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Belgium monks forced to sell prized beer online to beat resellers

  • 17 June 2019
Belgian Trappist monk Manu Van Hecke Image copyright Reuters Image caption Belgian Trappist monk Manu Van Hecke is to sell his abbey's beer online

Belgian monks who brew one of the world's most coveted beers are launching a website to prevent unauthorised resellers profiting from their product.

St Sixtus Abbey in Westvleteren, Flanders, is one of the world's 14 official Trappist beer producers.

Buyers can purchase a crate of its Westvleteren beer for around €45 (£40), around €1.80 per bottle.

As a rule, the monks ask customers not to sell their product to third parties.

The abbey's sales have traditionally been limited to private customers who order by phone before collecting a maximum of two crates in person.

But profiteers have been ignoring their "ethical values" for selling the brew, forcing them to go online to dampen demand on the black market.

Image copyright Reuters Image caption Brother Godfried, a Belgian Trappist monk at St Sixtus abbey, looks at bottles of Westvleteren beer

The monks were dismayed to find bottles of their beer being resold at an inflated price in a Dutch supermarket last year.

The supermarket had stockpiled 7,200 bottles of the abbey's highly sought-after beer, selling them at around €9 a bottle.

"It really opened our eyes. It was a sort of wake-up call that the problem was so serious, that a company was able to buy such volumes. It really disturbed us," said one of the monks, Brother Godfried.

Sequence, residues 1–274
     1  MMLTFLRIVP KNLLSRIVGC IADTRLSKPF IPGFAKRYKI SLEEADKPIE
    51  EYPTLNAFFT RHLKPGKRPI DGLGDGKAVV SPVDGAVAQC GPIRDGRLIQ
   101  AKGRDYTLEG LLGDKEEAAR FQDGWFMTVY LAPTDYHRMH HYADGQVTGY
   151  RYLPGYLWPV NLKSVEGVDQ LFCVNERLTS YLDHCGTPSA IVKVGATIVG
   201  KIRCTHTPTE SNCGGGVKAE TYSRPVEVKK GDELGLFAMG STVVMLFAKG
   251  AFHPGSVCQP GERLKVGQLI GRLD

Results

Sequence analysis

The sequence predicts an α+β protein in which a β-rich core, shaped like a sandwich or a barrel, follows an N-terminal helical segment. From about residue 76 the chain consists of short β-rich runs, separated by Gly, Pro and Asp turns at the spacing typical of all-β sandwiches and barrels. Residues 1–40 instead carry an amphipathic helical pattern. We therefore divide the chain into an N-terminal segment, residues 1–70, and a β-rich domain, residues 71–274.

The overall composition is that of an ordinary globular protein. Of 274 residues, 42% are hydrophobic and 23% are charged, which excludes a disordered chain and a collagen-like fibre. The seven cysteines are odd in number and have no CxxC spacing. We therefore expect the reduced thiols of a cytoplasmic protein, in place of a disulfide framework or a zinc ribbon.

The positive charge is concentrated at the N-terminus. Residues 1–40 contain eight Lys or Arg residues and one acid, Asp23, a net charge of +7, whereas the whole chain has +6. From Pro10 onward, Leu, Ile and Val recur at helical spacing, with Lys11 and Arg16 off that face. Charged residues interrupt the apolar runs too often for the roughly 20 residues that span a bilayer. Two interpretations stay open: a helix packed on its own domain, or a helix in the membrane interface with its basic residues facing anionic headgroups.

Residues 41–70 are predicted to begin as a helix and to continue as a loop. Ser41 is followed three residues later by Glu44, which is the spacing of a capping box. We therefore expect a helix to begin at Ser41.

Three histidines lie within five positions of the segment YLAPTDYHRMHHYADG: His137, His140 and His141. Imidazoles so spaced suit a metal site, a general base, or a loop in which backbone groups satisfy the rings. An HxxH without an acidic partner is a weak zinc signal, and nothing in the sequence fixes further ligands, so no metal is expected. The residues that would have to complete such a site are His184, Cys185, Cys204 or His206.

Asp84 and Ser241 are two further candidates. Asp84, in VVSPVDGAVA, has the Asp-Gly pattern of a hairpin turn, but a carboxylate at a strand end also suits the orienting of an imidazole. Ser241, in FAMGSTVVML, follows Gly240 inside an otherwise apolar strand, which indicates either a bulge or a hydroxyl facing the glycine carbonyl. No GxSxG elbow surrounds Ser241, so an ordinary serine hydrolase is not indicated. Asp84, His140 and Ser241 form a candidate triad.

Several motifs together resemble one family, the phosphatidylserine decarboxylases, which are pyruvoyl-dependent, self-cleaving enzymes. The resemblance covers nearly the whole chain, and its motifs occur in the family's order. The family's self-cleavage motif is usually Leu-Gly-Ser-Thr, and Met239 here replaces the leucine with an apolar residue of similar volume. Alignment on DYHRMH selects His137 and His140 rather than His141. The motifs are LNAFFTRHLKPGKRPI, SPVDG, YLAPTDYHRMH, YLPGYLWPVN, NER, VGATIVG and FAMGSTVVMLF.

Prices in Brussels and elsewhere can be much higher, reflecting the high demand for a beer experts have described as the world's best.

In Dubai, a single bottle was on sale for $300 (£238), the monks told Reuters news agency.

Trappist monks do not profit from the sales of their beer. Rather, they only produce as much as they need to cover their annual costs.

Now the abbey is turning to an online reservation system, designed to better enforce the limit of two crates per 60 days.

Image copyright Reuters Image caption A glass of Belgian Trappist beer Westvleteren is seen at St Sixtus Abbey in Westvleteren, Belgium

Under the new system - which is set to go live on Tuesday - buyers will have to register, giving personal details such as their address and the number plate of their car.

Priority will be given to those who have waited longest since their last purchase.

Brother Manu van Hecke, abbot of St Sixtus Abbey, hopes the new sales system will meet "the needs of many Westvleteren enthusiasts".

"We have thought long and hard about a good and customer-friendly alternative. Beer sales at the abbey will remain exclusively aimed at private customers," he added.

Last year, monks in Leicestershire became the first in the UK to brew an officially recognised Trappist beer.

Mount Saint Bernard Abbey, near Coalville, was given permission to brew the beer, becoming the 14th member of the International Trappist Association (ITA).

According to the ITA, the beer must be brewed within the abbey by the monks or under their supervision and must not be sold on for profit.

Related Topics

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  • Monastic brewing traditions
    14 January 2013
  • An uncanny mixture: God, alcohol and even cannabis
    27 October 2016
  • Leicestershire monks brew UK's first Trappist beer
    25 June 2018

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